I picked this to test because I’m noticing more and more of my friends take their pictures with their phones. It’s honestly about as limiting of a camera as you can get, but it gets decent pictures, and certainly ones I would consider having printed
Mpix again performed best in terms of color and exposure. Actually, spot on! Shutterfly came in brighter on the exposure, and a bit greener. Target was also too bright, and too green. Walgreens was way too dark, although surprisingly Costco came in darkest, and their colors were way off.
From a noise perspective, the original image has a little bit of grain and it’s noticeable around the tips of the grass and the shirt and pants if you look close. These are not the focus of the image, and I feel that with the back-lighting I can kind of get away with it. In the prints even the 8x10s were just fine. You could see some noise I just mentioned if you looked hard enough, but it wasn’t a big deal in any print.
Last is Little J. (This is where the picture of a picture is pretty darn obvious.)
The last image was taken in a room that surprised me with how much I had to increase my light sensitivity. I ended up with ISO 5000 here and shutter speed of 1/160s. It exposed exactly as I wanted it and I barely had to touch it in post processing. The grain was minimal and this little man has beautiful skintone. Mpix did so great with this image. Exposure just right. Color just right. Shutterfly also did very well. A little bright, but pretty good. Target, again, too bright, and green. In this composite I know it looks closest the original, but when you pair them side to side, it’s just bad. Costco’s print made J’s face look dingy. It was dark and flat. Walgreens? Again, too dark and colors were off (at least they’re consistent).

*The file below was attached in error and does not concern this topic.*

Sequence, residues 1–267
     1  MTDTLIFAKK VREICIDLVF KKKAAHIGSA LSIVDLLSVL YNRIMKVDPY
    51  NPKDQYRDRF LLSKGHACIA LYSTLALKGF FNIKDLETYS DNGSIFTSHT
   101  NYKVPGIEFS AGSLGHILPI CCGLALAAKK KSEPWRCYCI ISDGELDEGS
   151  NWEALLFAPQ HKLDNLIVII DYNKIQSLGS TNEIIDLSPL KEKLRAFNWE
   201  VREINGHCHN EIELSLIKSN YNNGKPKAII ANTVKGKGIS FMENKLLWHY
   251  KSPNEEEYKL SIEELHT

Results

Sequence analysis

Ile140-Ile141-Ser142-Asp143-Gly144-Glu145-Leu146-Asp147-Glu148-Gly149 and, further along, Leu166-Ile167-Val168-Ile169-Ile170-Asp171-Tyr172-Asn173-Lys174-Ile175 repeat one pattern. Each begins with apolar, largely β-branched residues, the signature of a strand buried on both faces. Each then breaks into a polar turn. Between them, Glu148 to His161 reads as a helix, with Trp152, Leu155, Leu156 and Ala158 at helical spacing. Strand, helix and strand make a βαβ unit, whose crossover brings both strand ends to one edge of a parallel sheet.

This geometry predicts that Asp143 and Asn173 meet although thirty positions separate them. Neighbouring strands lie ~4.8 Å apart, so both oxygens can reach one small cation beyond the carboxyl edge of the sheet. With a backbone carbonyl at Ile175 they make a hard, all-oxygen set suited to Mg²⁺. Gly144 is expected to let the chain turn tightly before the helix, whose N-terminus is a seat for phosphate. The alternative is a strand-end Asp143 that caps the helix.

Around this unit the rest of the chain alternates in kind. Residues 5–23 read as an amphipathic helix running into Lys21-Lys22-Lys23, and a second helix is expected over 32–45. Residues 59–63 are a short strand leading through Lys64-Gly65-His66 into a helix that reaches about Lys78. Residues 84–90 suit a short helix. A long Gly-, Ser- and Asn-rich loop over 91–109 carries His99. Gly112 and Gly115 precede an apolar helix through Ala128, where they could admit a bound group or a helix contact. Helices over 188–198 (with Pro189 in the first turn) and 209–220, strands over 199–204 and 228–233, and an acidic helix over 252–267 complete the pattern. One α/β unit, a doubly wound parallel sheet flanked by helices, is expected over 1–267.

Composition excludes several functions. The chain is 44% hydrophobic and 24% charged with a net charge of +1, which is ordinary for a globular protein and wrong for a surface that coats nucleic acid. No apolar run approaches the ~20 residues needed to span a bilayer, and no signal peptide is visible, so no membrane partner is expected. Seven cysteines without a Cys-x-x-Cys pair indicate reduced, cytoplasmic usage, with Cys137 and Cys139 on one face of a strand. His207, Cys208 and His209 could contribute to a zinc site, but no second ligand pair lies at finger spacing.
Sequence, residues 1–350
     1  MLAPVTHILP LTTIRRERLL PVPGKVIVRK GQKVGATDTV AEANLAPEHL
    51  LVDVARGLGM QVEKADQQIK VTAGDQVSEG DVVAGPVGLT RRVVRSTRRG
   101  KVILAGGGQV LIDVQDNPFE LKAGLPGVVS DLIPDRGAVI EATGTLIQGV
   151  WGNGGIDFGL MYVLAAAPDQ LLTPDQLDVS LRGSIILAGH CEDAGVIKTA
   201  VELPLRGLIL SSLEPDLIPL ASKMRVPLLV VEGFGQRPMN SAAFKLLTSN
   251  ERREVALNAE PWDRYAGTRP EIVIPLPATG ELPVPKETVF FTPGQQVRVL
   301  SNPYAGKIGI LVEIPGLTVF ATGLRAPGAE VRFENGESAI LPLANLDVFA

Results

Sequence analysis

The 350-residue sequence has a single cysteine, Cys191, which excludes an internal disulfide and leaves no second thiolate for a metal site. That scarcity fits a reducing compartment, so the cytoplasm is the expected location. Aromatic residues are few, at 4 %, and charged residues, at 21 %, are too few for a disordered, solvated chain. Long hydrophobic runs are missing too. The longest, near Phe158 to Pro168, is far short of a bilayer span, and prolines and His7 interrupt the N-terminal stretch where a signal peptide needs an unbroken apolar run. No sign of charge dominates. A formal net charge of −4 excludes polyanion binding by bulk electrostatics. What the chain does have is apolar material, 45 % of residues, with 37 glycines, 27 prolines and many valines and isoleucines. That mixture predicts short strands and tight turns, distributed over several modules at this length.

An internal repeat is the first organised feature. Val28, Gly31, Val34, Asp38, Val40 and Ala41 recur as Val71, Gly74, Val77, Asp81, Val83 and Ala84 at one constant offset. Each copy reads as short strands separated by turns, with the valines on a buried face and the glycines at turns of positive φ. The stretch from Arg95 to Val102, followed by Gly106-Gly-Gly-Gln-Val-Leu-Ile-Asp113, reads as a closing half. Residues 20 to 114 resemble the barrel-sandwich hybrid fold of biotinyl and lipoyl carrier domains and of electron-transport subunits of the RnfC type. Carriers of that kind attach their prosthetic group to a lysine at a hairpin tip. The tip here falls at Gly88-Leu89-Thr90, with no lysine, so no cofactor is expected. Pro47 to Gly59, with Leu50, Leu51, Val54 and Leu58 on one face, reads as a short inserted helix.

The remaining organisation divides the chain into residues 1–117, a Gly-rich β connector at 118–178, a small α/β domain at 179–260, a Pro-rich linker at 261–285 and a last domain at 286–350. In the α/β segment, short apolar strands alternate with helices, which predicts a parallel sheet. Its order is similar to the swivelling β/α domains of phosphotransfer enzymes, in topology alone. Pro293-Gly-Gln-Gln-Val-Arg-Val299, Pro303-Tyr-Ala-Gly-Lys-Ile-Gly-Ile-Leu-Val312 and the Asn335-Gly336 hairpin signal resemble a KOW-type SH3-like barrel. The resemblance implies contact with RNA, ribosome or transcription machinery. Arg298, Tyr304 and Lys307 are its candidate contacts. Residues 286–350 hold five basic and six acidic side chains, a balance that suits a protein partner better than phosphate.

Paper quality wise, Target and Walgreens still only allowed me to print glossy. C’mon — over a year later, and still I can get is glossy?!? I know right there it’s technically not a fair comparison, but they didn’t really give me a choice. I’m still not a fan of glossy paper: I don’t like how it feels when I hold it and how light reflects off of it. Maybe I’m getting old, but I feel my eyes have to work harder to really see an image on glossy paper.
Here was my cost experience. There were no promotions when I placed my orders.
Mpix: 4×6 = $0.29 | 8×10 = $1.99
Shutterfly: 4×6 = $0.15 | 8×10 = $3.99
Costco: 4×6 = $0.13 | 8×10 = $1.49
Target: 4×6 = $0.19 | 8×10 = $2.89
Walgreens: 4×6 = $0.19 | 8×10 = $3.99
Ultimately what this experience has told me is that I’m a bigger fan of the online retailers, and I’ll take the wait for better quality photos over the instant gratification of my local chains. I’m a bit saddened by Costco’s performance, because they really did do pretty well last time. Maybe it’s the printer needing new toner & maintenance? I don’t know, but for the volume of orders they get, I expected more. I am very pleasantly surprised to see Shutterfly come up in quality. I will be trying them more. But Mpix wins my business. Our grandparents ask for a lot of 8×10’s, and Mpix even after shipping came out cheaper than Walgreens for the same size order.
About Zemya Photography
Zemya Photography is a professional Bay Area photographer, based on the Peninsula, and specializes in couples, maternity, family, newborn, baby, and children's on-location, natural light, lifestyle portrait photography. Book your session today